The big surprise with the version of Vista that will be launched by Microsoft on Nov. 30 is that there are no surprises. Windows Vista RTM is far more solid than this summer's Beta 2 and the almost-but-not-quite-buttoned-down RC2 version released earlier this fall.
I put Build 6000--which Microsoft released to developers and is expected to closely track the retail version of Vista, going on sale in late January--through its paces. Here's a report card.
A mixed bag. The 64-bit version flummoxed my computer, which dovetails with reports that Microsoft is still working to add all the device drivers needed for full hardware compatibility. However, the 32-bit Vista DVD installed like a champ, loading from scratch in 42 minutes. I still had to muck around with my display settings, but Vista recognized my Nvidia GeForce 7300 graphics card and loaded the correct WDM driver it needs to run the Aero user interface.
Look and feel:
In previous reviews, I looked askance at Aero because I thought it elevated form over functionality. Now I'm more inclined to go with a McLuhan-esque twist and say that Aero's form is its functionality. Add to Aero the Flip 3D feature, which lets you rapidly scroll through your open apps, and you've got one fun and friendly user interface (though similar features are available on Mac OS X and some Linux distros).
Performance and Utility:
Vista appears faster and smoother than the RC2 version I examined in October and definitely performs better than July's Beta 2.
On the downside, saving large files remains slow. In terms of security, the User Account Controls continue to be idiotically intrusive. Microsoft still seems to be reading from the Transportation Security Administration's playbook. Do I really need to go through an extra "permission" dialog box to view my monitor's device properties?
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Windows Sidebar provides quick access to Gadgets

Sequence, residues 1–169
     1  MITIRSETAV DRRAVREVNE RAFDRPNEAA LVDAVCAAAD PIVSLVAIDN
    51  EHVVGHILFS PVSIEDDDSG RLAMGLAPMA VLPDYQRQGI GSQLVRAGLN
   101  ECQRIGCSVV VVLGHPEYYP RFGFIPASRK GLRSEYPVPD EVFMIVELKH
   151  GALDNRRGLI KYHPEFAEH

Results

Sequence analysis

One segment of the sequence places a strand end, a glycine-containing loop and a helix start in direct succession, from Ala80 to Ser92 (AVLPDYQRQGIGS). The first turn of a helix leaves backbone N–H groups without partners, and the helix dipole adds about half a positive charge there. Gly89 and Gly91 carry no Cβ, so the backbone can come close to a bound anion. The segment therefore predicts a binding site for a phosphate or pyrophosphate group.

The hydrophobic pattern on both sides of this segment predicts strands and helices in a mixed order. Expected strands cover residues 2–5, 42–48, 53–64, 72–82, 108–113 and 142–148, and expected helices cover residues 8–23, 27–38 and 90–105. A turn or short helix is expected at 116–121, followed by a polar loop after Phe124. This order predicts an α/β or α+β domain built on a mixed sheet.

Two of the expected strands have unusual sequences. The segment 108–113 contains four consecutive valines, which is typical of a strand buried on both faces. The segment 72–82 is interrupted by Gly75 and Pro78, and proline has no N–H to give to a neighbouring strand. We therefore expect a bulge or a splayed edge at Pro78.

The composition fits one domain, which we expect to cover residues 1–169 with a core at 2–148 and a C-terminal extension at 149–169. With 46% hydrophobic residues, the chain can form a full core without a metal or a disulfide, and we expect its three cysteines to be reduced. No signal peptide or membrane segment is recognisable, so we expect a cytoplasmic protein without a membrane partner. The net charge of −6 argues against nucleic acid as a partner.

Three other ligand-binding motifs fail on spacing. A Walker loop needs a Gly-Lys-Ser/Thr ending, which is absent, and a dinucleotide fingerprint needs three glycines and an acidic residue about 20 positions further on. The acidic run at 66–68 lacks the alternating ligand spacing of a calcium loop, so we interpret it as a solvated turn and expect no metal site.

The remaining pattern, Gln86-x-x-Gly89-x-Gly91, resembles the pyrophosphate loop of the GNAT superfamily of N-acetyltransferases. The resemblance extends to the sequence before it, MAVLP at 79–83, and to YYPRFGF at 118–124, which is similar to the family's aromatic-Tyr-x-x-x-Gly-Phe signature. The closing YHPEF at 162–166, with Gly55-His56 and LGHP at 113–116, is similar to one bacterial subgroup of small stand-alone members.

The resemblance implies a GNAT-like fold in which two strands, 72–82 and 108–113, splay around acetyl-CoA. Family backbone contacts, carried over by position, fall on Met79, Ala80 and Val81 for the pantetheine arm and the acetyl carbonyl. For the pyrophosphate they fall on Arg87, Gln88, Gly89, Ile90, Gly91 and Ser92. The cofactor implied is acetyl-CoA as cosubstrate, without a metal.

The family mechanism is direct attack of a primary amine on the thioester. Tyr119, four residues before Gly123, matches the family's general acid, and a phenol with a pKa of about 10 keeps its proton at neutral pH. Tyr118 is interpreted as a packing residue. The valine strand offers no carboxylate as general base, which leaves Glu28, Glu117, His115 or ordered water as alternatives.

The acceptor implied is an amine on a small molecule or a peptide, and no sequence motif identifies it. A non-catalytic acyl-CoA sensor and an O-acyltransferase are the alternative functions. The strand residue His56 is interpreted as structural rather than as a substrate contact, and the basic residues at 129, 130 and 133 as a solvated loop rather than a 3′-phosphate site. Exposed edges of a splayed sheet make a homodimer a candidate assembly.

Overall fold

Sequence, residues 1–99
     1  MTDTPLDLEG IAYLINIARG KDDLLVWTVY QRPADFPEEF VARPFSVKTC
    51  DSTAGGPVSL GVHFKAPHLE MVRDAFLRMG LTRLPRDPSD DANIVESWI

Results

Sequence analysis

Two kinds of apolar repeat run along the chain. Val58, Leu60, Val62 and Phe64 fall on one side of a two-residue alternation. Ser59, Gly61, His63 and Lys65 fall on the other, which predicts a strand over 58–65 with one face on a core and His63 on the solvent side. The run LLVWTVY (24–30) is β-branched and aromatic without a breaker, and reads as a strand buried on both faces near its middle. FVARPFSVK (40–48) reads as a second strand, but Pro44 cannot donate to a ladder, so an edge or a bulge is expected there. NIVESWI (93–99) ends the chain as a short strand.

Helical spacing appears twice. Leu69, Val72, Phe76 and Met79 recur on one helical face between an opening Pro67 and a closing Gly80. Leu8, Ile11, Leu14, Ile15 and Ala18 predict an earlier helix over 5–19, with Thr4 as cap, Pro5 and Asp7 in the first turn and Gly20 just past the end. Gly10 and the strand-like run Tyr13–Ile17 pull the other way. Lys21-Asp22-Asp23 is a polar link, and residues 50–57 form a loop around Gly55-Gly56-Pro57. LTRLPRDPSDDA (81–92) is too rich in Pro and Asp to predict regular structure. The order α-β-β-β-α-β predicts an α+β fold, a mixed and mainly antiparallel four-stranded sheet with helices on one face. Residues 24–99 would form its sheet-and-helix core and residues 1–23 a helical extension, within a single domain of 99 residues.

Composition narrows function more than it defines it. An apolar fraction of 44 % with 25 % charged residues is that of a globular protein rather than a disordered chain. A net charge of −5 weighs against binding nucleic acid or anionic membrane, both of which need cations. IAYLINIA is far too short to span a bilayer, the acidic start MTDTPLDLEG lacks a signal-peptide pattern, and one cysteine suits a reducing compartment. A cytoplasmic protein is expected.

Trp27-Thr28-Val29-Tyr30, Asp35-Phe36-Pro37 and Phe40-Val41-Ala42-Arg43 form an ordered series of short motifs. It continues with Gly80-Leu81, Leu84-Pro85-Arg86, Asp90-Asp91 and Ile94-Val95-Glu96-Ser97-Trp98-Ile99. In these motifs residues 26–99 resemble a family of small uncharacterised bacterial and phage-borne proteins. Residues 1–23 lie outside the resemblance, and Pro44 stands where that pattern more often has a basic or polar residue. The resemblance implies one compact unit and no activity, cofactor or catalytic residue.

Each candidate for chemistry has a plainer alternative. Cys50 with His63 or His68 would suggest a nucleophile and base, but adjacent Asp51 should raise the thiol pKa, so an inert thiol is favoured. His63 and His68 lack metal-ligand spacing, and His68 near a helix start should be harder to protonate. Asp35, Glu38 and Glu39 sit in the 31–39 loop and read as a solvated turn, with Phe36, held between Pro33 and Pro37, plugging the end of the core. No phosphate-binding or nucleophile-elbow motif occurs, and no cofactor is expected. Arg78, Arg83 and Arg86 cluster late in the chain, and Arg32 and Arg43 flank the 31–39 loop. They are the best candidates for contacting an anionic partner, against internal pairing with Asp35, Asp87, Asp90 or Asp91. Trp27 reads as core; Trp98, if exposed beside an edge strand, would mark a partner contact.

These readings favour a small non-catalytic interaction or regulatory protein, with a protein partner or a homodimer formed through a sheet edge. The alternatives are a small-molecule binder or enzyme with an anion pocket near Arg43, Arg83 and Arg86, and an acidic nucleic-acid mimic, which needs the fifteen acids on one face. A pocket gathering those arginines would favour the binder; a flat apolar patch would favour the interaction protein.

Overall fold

The only other big gripe I have is that for an operating system chock-full of accessories, Microsoft has done a strangely passive job of highlighting all the embedded features. Even the Media Center and Photo Gallery are pinned to the Start menu rather than pushed onto the default desktop. I recommend at initial startup a dialog box that invites users to get all these key features configured before passing "go."
Sure, Vista's been horribly late, for reasons too well known and boring to regurgitate (short version: Microsoft's too darn big). But would we really have wanted the new Windows to hit the market amid the post-9/11 technology slump?
Struggle though I might, I couldn't find much significantly different from previous versions. Then it dawned on me: That's good, because it indicates that Microsoft's focus is no longer on look and feel but on the software guts required to keep Vista from crashing.
With Beta 2 and even RC2, I had the sense that Vista required constant vigilance to keep it properly tweaked. Now I'm ready to put Vista on my primary home office machine.
For businesses, and for CIOs charged with the decision about migrating to Vista, the three burning questions are these: Just how much better is Vista's security compared with XP's? What's the total cost of ownership? And how much more does Vista-capable hardware cost?
Early word is that Vista's security is indeed a big step up, notwithstanding the surface annoyance of the user account controls. On the TCO front, Microsoft's full-court press to build momentum for Vista, as well as Office 2007 and Exchange 2007 packages, likely will go a long way toward blunting Linux incursions onto the desktop. As for buy-in costs, I'm not the first reviewer to opine that, rather than rushing to Vista right out of the box, most businesses will migrate to Vista as part of their normal PC upgrade cycle.
The final verdict:
Vista's official release on Nov. 30 won't hold any big surprises. To paraphrase what the folks in Redmond used to say ad nauseam before previous product releases (they've thankfully retired the cliché), Vista is finally here because we customers are telling Microsoft that it is indeed ready.
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